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Historic Ramen in Shibuya: Kiraku

When asked about ramen in Shibuya, locals will immediately answer “Kiraku“. Kiraku has been confidently serving its nostalgic, big bowls of ramen for 60+ years.

They have English menus too. Make sure to visit after 2 pm – otherwise you’ll end up waiting like below.

Kiraku Ramen in Shibuya - Outside
Everyone loves Kiraku

Kiraku - Since 1959

Kiraku (中華麺店 喜楽) is one of Tokyo's oldest standing ramen shops. Each bowl of ramen strongly showcases Kiraku's Taiwanese roots.

Mountainous Moyashi Ramen

At Kiraku, choose ramen with a shoyu or shio seasoning. For shoyu, the “moyashi wontonmen” is best and the most filling.

Kiraku Ramen in Shibuya - Wontonmen
Moyashi Wontonmen

It includes a mountain of crunchy (moyashi) bean sprouts and juicy wonton dumplings. For just the moyashi topping it’s ¥800. Just the wonton topping is ¥850.

The shoyu broth is a tad on the oilier side. But it’s light and nicely punctuated by sweet onion bits that have been fried for 20-30 min. Thick, slippery noodles help drive this Taiwan-inspired bowl home.

Tasty Tanmen

On the “shio” side of the menu, order the “Tanmen”. You’ll get a comparably sized mountain of stir-fried cabbage, onions, carrots and pork.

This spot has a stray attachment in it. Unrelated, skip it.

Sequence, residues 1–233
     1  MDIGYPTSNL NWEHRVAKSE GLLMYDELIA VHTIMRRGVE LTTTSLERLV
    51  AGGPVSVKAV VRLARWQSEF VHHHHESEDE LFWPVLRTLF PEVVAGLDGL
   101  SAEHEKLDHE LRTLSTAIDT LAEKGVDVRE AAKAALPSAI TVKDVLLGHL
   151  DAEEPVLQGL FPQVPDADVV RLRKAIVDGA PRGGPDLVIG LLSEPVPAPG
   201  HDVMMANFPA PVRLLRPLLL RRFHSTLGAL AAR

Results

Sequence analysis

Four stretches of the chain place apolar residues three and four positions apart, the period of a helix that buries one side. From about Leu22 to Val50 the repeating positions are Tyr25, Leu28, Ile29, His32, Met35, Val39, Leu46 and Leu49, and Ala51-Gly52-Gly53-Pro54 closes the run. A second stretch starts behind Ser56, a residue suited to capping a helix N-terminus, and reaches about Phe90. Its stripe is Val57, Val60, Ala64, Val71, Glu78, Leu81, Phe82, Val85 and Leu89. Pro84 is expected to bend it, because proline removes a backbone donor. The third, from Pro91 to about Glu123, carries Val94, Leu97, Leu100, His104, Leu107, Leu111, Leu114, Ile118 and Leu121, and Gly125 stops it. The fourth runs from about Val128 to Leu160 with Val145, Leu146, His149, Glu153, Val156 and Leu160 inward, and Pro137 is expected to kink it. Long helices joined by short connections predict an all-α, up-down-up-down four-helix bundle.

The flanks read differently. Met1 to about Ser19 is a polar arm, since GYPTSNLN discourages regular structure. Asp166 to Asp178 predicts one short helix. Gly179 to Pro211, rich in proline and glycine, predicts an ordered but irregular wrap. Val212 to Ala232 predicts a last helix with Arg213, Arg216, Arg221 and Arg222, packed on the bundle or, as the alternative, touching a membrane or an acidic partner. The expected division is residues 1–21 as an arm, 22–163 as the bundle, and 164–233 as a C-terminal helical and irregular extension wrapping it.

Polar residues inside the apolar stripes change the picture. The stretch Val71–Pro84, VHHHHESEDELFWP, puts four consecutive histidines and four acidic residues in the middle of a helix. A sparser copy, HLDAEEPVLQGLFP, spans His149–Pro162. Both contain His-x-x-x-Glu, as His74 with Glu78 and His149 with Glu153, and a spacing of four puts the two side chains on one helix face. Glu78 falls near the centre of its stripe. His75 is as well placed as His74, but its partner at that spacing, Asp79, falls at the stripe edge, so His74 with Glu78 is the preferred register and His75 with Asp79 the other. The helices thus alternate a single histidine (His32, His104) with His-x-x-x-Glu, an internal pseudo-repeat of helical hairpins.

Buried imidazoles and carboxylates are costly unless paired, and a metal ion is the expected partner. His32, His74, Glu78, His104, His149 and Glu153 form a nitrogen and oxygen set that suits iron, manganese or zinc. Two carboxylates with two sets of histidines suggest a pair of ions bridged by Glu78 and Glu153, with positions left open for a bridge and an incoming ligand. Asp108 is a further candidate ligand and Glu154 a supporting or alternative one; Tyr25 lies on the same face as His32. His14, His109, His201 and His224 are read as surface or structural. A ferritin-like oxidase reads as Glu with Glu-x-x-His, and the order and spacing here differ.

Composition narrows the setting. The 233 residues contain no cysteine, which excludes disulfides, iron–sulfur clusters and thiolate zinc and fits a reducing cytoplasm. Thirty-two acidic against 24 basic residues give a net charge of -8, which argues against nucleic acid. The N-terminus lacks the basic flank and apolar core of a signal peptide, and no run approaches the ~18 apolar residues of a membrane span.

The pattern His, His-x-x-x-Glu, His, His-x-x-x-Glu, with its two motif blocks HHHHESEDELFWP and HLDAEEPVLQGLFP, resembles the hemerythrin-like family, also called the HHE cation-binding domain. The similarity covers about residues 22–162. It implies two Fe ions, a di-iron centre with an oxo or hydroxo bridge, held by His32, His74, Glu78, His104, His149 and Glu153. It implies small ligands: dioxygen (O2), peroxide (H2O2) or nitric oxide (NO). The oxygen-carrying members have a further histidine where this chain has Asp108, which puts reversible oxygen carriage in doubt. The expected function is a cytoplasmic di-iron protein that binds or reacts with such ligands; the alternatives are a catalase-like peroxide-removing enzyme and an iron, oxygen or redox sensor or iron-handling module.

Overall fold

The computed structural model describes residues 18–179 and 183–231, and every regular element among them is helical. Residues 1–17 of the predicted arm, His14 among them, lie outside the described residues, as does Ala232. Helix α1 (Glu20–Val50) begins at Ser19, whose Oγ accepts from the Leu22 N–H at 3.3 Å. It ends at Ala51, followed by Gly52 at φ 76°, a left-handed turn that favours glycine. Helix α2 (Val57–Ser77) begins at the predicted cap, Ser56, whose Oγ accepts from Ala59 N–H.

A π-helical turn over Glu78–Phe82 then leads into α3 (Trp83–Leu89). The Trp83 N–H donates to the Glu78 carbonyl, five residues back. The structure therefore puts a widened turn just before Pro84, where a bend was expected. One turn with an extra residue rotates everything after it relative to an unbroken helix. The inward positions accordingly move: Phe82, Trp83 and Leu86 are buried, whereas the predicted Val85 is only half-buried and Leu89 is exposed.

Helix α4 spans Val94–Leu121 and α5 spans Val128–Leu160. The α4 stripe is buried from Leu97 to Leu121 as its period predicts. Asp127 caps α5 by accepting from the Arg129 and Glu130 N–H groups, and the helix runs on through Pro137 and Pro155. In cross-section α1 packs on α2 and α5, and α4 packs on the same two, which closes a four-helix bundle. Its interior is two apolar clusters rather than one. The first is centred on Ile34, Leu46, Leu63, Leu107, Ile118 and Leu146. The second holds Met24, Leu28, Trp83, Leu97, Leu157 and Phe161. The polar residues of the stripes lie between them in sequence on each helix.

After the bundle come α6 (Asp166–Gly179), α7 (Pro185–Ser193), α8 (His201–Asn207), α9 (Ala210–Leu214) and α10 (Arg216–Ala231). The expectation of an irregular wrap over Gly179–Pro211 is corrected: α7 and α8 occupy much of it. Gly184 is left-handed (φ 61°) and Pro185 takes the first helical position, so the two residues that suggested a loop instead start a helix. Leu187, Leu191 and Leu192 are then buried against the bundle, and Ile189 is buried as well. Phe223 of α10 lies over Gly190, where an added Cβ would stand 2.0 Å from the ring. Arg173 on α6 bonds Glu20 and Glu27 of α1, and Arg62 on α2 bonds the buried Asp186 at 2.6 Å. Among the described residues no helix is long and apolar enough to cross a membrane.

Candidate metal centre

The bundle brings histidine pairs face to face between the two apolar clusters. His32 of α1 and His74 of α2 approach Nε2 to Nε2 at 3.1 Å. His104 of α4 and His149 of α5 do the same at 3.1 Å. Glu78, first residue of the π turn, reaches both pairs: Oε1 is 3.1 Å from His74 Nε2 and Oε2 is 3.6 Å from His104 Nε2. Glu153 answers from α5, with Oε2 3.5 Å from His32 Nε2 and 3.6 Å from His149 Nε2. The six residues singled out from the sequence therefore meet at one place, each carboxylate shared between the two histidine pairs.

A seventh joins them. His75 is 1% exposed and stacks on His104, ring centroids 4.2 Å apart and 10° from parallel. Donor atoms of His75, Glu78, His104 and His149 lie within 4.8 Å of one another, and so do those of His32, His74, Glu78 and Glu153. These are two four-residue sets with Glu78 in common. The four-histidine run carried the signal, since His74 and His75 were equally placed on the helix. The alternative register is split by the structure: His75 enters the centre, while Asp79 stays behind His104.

Kiraku Ramen in Shibuya - Tanmen

The shio broth is also light and easy to eat, with just enough lard used for richness. If you want to go BIG, order the “Gomoku wontonmen” for ¥1,050. You’ll get a sticky and starchy layer of broth (gomoku) on top, along with the signature wonton dumplings.

Uniquely, Kiraku doesn’t boil veggies in its broth. It’s purely chicken and pork bones, boiled for 7 to 8 hours.

Grand Gyoza

The fried dumplings (“yaki-gyoza”) are worth every penny. They’re crispy enough on the outside and there’s soft, garlicky pork goodness waiting for you on the inside.

Kiraku Ramen in Shibuya - Gyoza

Nostalgia Everywhere

Kiraku directly traces its lineage to restaurant Kiraku Daihanten, just like Eiraku in Oimachi.

The 1st floor is counter top seating, with the kitchen visible. On the 2nd floor, you get to stretch your legs, since it’s all tables.

Kiraku Ramen in Shibuya - Inside

From the simple, table-top plastic menus to the wear and tear on the walls, Kiraku feels like a ramen museum. It’s hard not to smile when you’re eating here.


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